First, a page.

Monday, January 04, 2010

Steve Burt on Abject Motherhood

Steve Burt (who incidentally was part of the panel on which Joyelle gave the talk I published on this blog a couple of days ago, though he talked about the raw and the cooked dichotomy) has now published an essay in the Boston Review proclaiming Rachel Zucker the poet of abject motherhood. The review ends like this:

"With inferior poets who like to break taboos, the shocks are thematic—not formal—and they get old fast. With Zucker, you never know what the next line will hold. The point, the achievement, is not that she can gross us out, drive us around the bend, report the truth about her body, her husband, her sons, or the profession of poetry. The point is that these long, long lines, these stutters and splutters and blanks and lists, can portray, with more verve than anyone else has brought to such tasks, what it is like to be this person, this mother and teacher, at wit’s end: exhilarated, exhausted, exasperated, and able to show how it feels."

I like some of what Steve writes, but so much of it depends on attacking these un-named poets (He was the one who got me going on "hipsters" by using the hipster as the antidote to the very humane, real guy-poet he was discussing). Who are these inferior gross-out poets writing about abject motherhood? Can you name names? I'd like to know who you are attacking?

6 Comments:

Blogger Steve said...

A few are named in the essay, actually.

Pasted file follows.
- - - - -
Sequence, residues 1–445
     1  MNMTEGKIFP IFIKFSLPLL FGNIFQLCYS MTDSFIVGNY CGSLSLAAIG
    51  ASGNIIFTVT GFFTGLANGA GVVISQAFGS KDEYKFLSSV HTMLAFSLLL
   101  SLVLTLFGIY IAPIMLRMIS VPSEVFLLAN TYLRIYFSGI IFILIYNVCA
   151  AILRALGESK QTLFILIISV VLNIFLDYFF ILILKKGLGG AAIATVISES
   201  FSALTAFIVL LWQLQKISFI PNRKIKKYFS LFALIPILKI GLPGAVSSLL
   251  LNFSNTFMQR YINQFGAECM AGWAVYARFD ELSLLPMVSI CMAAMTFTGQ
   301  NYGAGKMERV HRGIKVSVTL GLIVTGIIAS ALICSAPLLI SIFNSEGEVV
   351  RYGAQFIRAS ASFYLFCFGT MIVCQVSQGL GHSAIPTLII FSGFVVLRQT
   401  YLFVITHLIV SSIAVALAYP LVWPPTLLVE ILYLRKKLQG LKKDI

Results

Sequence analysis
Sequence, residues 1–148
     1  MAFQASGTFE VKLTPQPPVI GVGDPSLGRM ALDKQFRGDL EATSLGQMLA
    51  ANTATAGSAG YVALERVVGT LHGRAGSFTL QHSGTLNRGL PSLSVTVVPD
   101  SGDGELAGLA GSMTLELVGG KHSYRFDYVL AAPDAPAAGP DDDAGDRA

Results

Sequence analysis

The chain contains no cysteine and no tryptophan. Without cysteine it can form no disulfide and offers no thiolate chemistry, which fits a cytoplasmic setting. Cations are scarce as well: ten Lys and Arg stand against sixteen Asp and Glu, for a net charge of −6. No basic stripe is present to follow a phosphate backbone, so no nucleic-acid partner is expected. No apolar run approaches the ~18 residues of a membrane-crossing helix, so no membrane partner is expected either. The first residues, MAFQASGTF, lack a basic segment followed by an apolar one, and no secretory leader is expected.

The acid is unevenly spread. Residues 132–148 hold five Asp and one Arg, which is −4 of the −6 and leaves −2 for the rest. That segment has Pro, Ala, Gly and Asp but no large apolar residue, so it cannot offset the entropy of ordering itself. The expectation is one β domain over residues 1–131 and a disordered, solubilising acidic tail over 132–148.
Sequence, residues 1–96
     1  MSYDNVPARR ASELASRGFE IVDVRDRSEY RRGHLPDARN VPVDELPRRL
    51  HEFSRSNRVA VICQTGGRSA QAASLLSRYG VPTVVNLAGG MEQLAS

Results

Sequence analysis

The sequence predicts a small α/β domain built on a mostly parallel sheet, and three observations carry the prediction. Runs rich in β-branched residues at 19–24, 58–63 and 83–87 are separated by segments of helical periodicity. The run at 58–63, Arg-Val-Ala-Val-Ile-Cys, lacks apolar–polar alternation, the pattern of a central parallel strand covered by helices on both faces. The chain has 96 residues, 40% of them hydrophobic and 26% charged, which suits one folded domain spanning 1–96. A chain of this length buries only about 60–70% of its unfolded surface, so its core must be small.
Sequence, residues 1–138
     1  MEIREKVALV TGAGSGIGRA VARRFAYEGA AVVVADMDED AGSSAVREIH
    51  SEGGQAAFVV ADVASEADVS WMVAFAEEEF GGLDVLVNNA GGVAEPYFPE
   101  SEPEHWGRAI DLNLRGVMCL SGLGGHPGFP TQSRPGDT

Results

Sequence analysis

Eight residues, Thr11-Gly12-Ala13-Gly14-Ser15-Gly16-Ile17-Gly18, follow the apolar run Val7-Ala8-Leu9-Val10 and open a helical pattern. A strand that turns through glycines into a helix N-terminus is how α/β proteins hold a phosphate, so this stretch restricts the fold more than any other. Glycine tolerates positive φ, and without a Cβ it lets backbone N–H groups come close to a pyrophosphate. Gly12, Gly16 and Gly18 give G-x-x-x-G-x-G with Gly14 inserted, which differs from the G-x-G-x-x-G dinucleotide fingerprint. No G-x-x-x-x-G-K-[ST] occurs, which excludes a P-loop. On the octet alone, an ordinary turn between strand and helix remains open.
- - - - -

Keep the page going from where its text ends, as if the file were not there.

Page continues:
4:23 AM  
Blogger Brennen Wysong said...

"With inferior poets who like to break taboos, the shocks are thematic—not formal—and they get old fast."

I don't see this statement pointing directly to poets writing about "abject motherhood."

Then again, I still don't know what "inferior poets who like to break taboos" are pointed to in the essay itself.

10:50 AM  
Blogger Johannes said...

I don't agree, but I don't have time right now to go into it, I'll write a more extensive response perhaps tomorrow.

Johannes

11:12 AM  
Blogger John Gallaher said...

Category generalizations (and generalizations in general) are always dangerous at such moments (and there’s my generalization). But rhetorically, writers seem to want them or to need them to complete their equation. It’s easier to say something is working (or to make the case that what you’re saying is important) if you can nod to something that you think fails . . . but going into specifics would threaten to put the focus on the something that you think fails—and who needs to make enemies anyway, when you can just gesture—so, enter the generalization. This essay doesn’t seem to have a fatal version of the move, as it doesn’t take away much from the point. From context, I can put together a list, but (here’s the rub) such a list would leave Burt the out that perhaps any person on that list—because not specifically mentioned by Burt—isn’t who he meant.

6:20 AM  
Blogger Laurel said...

Hmmm.. I'm just catching up with al of this. Accidentally read post #3 first, now this one, and next I'll go read #2.

I want to say that Johannes makes sense to me, in his initial crit. But that I know what Burt means (and I think I agree).

3:55 AM  
Blogger Laurel said...

Which might be the problem, actually, now that I ponder it....

If someone can write an essay, assuming his generalities will be understood and fleshed out by his readers, that suggests a pretty closed circle, and a a pile of shared, accepted, (coded) unstated sentiments.

Hrm...

3:57 AM  

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